Today the Irish Mirror launches a campaign to save our countryside from the blight of gigantic power pylons and wind turbines.
We want to protect precious heartland industries such as racing and tourism from a Government energy project that will only damage them.
State-owned Eirgrid is planning a €3.8billion upgrade of its network that will see hundreds of 60-metre pylons – as tall as Liberty Hall in Dublin – erected across rural Ireland.
These buzzing giants will be built just 350m apart along a 1,000km route through some of our most stunning beauty spots.
And 200 more wind farms with thousands of turbines up to 170m in height – higher than The Spire in Dublin city centre – will be built to provide the power.
In all, the pylons to carry the high voltage lines will criss-cross 19 counties – while turbines will pop up in almost every county from Donegal to Cork.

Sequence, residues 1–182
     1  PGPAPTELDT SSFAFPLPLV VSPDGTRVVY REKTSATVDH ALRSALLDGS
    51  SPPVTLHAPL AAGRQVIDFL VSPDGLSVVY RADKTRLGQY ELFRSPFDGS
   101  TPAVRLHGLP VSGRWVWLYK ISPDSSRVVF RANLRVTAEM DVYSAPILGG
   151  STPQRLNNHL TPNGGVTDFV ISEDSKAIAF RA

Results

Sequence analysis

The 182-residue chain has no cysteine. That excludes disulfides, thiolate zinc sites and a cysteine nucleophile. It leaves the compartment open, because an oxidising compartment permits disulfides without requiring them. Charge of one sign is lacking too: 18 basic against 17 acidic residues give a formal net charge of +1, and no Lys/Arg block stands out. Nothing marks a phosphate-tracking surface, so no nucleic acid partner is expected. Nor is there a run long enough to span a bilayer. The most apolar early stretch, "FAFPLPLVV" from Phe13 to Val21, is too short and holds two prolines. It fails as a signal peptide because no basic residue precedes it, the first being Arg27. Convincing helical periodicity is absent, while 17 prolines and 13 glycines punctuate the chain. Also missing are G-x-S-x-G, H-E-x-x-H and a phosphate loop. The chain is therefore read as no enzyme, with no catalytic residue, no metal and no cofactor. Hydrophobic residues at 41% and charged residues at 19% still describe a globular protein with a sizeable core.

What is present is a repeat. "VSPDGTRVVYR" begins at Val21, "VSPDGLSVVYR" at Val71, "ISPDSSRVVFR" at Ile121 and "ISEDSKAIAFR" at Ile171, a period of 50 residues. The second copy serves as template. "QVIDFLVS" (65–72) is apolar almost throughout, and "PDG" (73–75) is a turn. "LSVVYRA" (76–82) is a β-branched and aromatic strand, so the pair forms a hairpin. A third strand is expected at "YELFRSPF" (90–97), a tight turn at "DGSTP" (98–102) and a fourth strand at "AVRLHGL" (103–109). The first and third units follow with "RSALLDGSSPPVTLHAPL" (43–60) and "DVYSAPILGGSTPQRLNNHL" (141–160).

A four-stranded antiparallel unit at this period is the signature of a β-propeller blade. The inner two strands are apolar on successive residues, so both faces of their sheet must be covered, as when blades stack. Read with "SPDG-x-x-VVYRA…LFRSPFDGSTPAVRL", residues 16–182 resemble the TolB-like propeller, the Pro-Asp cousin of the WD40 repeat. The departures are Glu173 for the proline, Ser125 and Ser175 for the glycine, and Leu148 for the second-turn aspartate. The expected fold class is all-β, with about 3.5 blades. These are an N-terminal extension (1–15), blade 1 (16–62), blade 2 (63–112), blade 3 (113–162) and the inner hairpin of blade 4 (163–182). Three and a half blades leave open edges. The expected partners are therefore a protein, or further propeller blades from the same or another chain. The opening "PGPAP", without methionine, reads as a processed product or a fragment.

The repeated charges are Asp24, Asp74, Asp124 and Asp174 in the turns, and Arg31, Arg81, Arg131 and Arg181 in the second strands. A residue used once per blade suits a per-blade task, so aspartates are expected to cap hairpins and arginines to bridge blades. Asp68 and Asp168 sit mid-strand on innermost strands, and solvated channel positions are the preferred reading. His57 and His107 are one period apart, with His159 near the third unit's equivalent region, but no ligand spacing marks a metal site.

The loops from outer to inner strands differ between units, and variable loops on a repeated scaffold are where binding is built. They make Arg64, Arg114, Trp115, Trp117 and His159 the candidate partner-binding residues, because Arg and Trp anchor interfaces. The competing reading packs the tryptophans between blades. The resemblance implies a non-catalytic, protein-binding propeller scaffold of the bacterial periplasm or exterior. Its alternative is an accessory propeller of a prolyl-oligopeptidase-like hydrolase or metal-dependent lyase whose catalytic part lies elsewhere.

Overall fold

The biggest pylon project, called Grid Link, will run from Kildare to Wexford and on to Cork.
Another, Grid West, will run from North Mayo to Roscommon while a third, the North-South Interconnector, will run from Meath to Tyrone.
Now the equine industry is worried the project will threaten its very future.
Horse racing alone is worth €1billion a year to the economy, and keeps 14,000 people in jobs.
Yet these new lines are to run alongside the greatest stables in the world.
Turbines as well are being planned next to stud farms that have made us famous around the globe.
But the horse world is not going to take the threat lying down.
Already the Irish Thoroughbred Breeders’ Association has met at Goffs in Co Kildare to hear one of Europe’s leading energy experts, Malcolm Brown, call for an immediate halt to wind farms to protect equine industry.